“I’m here for all the chatter tonight,” said Doris Burke, who was calling the game for ESPN.
It was the kind of action that, as much as the tight score, suggested an extra weight to the game. Championship aspirants doing a little early-season mettle-testing. But the attentive viewer might have noticed that the mood was incomplete, and not only because the game, like most in the NBA this season, was held in front of empty stands.
“I miss being close enough to the floor to maybe catch a word or two,” Burke said from her coronavirus-protocol-compliant perch high above the Wells Fargo Center floor while Davis shot free throws.
“You’re not kidding,” agreed Mike Breen, who was handling play-by-play duties..
The sequence summed up the challenges the pandemic has introduced to their profession — first in last season’s bubble and now across 29 arenas. Broadcast teams either call games remotely (as TNT has done all year to this point, and ESPN has done with a subset of its games) or whisk quickly in and out of buildings, with Zoom interviews replacing pregame stop-and-chats and sideline views giving way to faraway workstations. And as network executives suggest that some of the new logistics may remain even after a return to normalcy, announcers search for the best way to call a game away from the court. How do you make an audience feel close to the action when you aren’t particularly close to it yourself?
Habit and hesitation
The best announcers, at heart, are hosts. Breen’s “Bang!” — delivered when a player caps an escalating series of high-difficulty buckets with a late dagger — gives fans on sofas a dose of the in-arena thrill. Burke’s breakdowns of after-timeout plays and pivot-foot placement offer the advantage of having a seat close enough to see such nuances, and a basketball mind keen enough to pick them up.
The realities of the pandemic, though, have made the illusion harder to maintain. The Disney World bubble introduced certain types of distance, with no fans at games and announcers working from walled-off booths high above the floor. This season has brought more still. Cavernous home arenas, with scatterings of spectators at most, emphasize the emptiness.
Technology has helped minimize the issues for remote broadcasts. Networks have goosed up their talent’s at-home Internet, keeping signals as clear as possible, and direct video feeds between the play-by-play announcer and analyst help compensate for the loss of in-person glances and shoulder taps. Constant communication among directors, producers and camera operators helps get announcers the shots and intel they need. At-home mixing boards let broadcasters manipulate the volume of their partner’s voice or the piped-in crowd noise in their headsets, to best approximate the real thing.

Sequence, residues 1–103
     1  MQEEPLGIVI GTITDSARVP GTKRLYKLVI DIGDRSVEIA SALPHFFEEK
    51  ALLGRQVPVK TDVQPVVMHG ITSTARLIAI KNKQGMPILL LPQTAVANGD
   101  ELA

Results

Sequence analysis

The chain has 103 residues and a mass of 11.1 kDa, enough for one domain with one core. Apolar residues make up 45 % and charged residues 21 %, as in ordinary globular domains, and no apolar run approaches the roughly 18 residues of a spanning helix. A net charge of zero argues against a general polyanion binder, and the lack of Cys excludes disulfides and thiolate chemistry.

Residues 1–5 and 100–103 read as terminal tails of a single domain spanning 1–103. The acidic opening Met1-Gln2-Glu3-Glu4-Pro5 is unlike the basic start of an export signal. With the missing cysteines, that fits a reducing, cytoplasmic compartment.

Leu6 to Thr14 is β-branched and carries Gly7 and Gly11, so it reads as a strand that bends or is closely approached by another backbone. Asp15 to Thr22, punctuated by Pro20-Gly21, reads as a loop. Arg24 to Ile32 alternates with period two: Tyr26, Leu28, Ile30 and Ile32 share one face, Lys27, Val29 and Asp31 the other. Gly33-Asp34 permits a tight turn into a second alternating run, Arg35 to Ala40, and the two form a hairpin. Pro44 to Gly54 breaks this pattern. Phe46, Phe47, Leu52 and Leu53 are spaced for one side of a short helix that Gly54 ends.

“It’s way different, but honestly, I’m enjoying the collaboration,” said Brian Anderson, who has spent the season working games for TNT from his Wisconsin home.
The demands of the new normal have caused industry veterans to rethink the basics of the trade. In the bubble, they would gather for meals and swap strategies; techniques had to be tweaked and habits adapted. Anderson has drawn on his experience calling minor league baseball, where fans often numbered in the hundreds, not thousands.
“I wouldn’t dare lay out” — stop speaking to let the crowd reaction come through — “because it just sounded sad,” Anderson said of those midweek games in Wichita.
Breen, decades into his NBA career, has found himself studying his own tape more than he has in years, gauging how his approach fits the current environment.
“I’ve always used the fans as part of my calls, and now that’s gone,” he said.
In place of the crowd’s roar is a vacuum that now needs to be filled. The 30-second pause that might have followed a “Bang!” in years past has been trimmed to five. It falls to the broadcasters not only to frame the excitement but to generate it, a task better suited to 20,000 attendees than one voice and a microphone.
“Sometimes you walk away and wonder: ‘Was I screaming too much? Did I not have enough energy?’ ” Breen said. “You’re just so used to the background music.”